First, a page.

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Solar Thermal Water Heating

Solar Thermal Water Heating


Solar thermal water heating systems could help decarbonize hospital buildings by eliminating the need for fossil fuel boilers for space heating and domestic hot water.


Executive Summary

There are two primary means of harvesting solar energy, a free and carbon-free source of energy available across the planet: photovoltaic (PV) production of electricity and solar thermal systems which produce heat. Solar thermal may be used at utility scale to produce electricity, but the focus of this article is the direct and indirect use of solar energy as a source of space heat and domestic hot water.

Solar thermal collectors are 2-3 times more efficient at converting solar radiation to useful energy than PV systems. Thus, thermal collectors make better use of limited roof or site area, but thermal collector systems may be more costly to install, more complex, and require more maintenance than PV systems. All of these factors must be considered in evaluating solar thermal systems against alternatives.

Although humans have been using solar thermal energy in various ways throughout our existence, the systems that collect, store, and use thermal energy are not as packaged for commercial use as PV systems are, generally requiring more engineering, selection of components, and construction labor.

A distinct advantage over solar PV is that storage can be as simple as an insulated water tank. Hot water storage is less expensive, does not depend on lithium mining and trade, and can be more space-efficient (with >50 degF temperature difference) than lithium batteries.

Solar Thermal Water Heating

Technical Description

Design Considerations

Solar thermal systems absorb sunlight as heat, as opposed to photovoltaic systems, which convert solar energy into electricity. Solar thermal hot water (STHW) systems use a collector that transfers heat either directly to water or to an intermediate fluid, which then transfers heat to water. The indirect system may be used where there is a danger of freezing, so the heat transfer fluid is an antifreeze solution.

STHW can be used for domestic hot water (DHW) production, for heating hot water (HHW) production, or a combination of DHW and HHW.

The simplest form of STHW is a passive system, which leverages the density change of water as it heats, using buoyancy forces to cause circulation through a collector. Passive systems are typically smaller-scale, used for domestic hot water (DHW) production in residential or light-commercial applications. Because the scale of passive systems is generally not suited to hospitals, this section will focus primarily on active STHW systems.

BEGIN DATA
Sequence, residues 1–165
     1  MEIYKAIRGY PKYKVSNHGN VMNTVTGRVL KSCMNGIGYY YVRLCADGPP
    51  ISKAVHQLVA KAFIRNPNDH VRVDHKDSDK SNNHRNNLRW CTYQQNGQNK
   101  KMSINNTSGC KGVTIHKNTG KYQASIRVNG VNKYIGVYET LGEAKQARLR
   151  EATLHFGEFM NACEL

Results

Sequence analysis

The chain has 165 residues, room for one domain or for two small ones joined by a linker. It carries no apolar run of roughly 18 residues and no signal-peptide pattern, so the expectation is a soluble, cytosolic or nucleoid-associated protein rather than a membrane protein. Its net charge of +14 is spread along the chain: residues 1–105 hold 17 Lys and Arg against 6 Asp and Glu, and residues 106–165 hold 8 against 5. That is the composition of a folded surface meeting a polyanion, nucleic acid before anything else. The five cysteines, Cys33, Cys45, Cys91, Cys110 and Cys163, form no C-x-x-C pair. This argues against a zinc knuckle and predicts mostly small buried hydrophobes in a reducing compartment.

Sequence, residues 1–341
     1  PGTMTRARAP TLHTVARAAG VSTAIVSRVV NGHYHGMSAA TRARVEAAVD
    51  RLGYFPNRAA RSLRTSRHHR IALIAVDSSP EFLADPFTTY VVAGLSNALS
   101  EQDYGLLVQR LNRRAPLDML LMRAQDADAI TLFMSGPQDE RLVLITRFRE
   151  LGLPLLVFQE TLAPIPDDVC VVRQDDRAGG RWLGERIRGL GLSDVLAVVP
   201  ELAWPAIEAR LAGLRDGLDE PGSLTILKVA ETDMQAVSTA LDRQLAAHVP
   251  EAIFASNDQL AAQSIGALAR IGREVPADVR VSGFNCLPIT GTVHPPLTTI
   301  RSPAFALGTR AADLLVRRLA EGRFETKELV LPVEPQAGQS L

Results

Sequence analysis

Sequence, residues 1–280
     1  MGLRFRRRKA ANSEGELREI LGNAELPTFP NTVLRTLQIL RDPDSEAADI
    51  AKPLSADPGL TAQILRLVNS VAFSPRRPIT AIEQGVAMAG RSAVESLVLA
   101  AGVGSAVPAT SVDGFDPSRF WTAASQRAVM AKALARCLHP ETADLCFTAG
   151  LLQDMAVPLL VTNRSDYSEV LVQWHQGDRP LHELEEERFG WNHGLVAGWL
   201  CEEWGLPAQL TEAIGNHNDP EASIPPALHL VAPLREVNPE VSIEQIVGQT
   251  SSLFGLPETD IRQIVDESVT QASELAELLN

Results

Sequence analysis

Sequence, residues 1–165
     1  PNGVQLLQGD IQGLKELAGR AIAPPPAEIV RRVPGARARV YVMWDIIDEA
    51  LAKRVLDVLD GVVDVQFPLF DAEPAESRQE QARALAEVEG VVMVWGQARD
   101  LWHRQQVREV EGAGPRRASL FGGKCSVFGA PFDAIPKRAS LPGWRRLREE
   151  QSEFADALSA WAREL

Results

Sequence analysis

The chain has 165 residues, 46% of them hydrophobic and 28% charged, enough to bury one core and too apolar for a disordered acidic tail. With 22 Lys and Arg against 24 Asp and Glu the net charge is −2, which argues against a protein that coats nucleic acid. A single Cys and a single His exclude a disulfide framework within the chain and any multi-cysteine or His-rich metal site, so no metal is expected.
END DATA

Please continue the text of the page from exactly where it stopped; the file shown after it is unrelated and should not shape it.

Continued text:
Active STHW systems use pumps to circulate water or heat transfer fluid through collectors and either storage tanks (direct systems) or heat exchangers (indirect systems).

Storage tanks are used to buffer the temporal difference in capacity between source and load. With sufficient collector and storage capacity, there is potential to serve loads on a diurnal cycle, or even through multiple days of cloud cover. The storage medium, water, is itself inexpensive, but the cost and space requirements of insulated storage tanks may limit storage capacity.

Indirect systems utilize a heat transfer fluid that is protected from freezing under anticipated conditions. Aqueous solutions of propylene glycol or ethylene glycol with corrosion inhibitors are common. Ethylene glycol is toxic, whereas propylene glycol is “generally recognized as safe” for humans. The heat transfer fluid is used to transport energy from the collector to either DHW or HHW, via a heat exchanger.

There are many types of solar collector:

A simple flat plate collector may be constructed of black-painted tubing with a black background and a glass cover - the internet, and magazines before the internet existed, feature numerous designs for DIY flat plate collectors. Flat plate collectors are effective, though even commercial grade collectors are relatively inefficient and must either be filled wit antifreeze fluid or drained down in cold weather.

Evacuated tube collectors are commonly used in commercial applications. These collectors enclose a heat pipe within a glass tube and a vacuum is drawn within the glass tube. Without air in the tube, convective and conductive heat transfer is eliminated (mostly, since the vacuum is never perfect), but solar radiation passes through uninhibited. A heat pipe is a sealed metallic tube partially filled with a refrigerant. Pressure inside the tube is such that, as the tube is heated, the refrigerant boils, forming a hot gas that rises up the vertical or sloped tube. The top of the tube is pressed into a metal header, where water of heat transfer fluid is circulated. The gaseous refrigerant transfers heat to the circulating fluid, causing the refrigerant to condense, whereupon it flows down the sides of the tube to be reheated. Thus, a small direct expansion refrigeration cycle sets up within the heat pipe, driven by heat rather than a compressor. While this may sound complicated, the collector application is quite simple - all water or heat transfer fluid is contained in the hot part of the collector, at the top manifold, and - bonus - the refrigeration cycle does not reverse, limiting losses when solar radiation ebbs.